Much of the resulting media coverage has focused on electric alternatives, which has some experts questioning where that surge in power will come from—whether nuclear, hydro, wind or fossil fuels.
Blume has different ideas.
“I think the car companies will take advantage and carve out a profitable niche for high-mileage clean-alcohol-only cars,” he says. “They will produce less climate change gasses and pollution when compared to [what generates] our current electricity.”
Blume’s decades-long education efforts hint at what Whiskey Hill Farms cultivates as much as anything: knowledge. That takes many forms.
Whiskey Hill Farms holds regular farmer workshops, some underwritten by a grant from U.C. Davis’ Sustainable Ag Program. NASA staff have swung by for a learning day and organic lunch. Rep. Jimmy Panetta (D—Carmel Valley) took home turmeric root as part of his tutorial. Open Farm Tours and visits from EcoFarm Conference attendees—and forthcoming farm stand sales on property in 2023—will further enlighten Central Coast residents and visitors.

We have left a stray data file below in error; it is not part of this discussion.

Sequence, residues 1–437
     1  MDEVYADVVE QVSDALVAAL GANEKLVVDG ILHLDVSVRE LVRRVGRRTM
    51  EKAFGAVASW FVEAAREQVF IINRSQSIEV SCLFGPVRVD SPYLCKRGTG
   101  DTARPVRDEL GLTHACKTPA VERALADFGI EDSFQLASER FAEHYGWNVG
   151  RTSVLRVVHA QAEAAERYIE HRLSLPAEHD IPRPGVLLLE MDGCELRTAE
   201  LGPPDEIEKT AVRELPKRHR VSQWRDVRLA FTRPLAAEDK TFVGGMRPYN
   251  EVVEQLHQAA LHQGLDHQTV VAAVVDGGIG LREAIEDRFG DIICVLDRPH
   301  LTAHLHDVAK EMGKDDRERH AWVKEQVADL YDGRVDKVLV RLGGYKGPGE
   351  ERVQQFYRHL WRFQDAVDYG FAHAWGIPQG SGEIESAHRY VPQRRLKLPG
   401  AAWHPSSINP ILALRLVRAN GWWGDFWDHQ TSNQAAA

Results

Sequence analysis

Meanwhile, WHF and Blume Industries have received multiple grants from the U.S. Department of Agriculture’s sustainable division to teach underserved area growers closed-loop and regenerative ag. That helped inspire the USDA to recently dedicate funds to developing a regenerative curriculum—in Spanish—that can be exported around the country.
As this goes to print, a Calabasas Elementary School Victory Garden program is starting to sprout things at Whiskey Hill like radishes, bok choy, tomatillos and turnips.
Blume is willing to walk anyone interested through his closed-loop techniques. He’s happy to detail ways to adapt gas-powered vehicles to run on alcohol, or how electric and solar energy present costs and challenges alcohol doesn’t, though he advocates hybrid designs using ethanol and electricity.
Santa Cruz City Manager Matt Huffaker received a starter course in how alcohol can help a municipality while at the same post in Watsonville. He collaborated with WHF and school district officials on a pilot to run two school buses on farm-grown fuel, a project currently on hold while awaiting additional support.
“Whiskey Hills’ process reminds me of the scenes from Back to the Future, when Doc Brown was stuffing banana peels and garbage into his DeLorean for fuel,” Huffaker says. “The future is now, and we’re fortunate to have this disruptive technology in Santa Cruz.”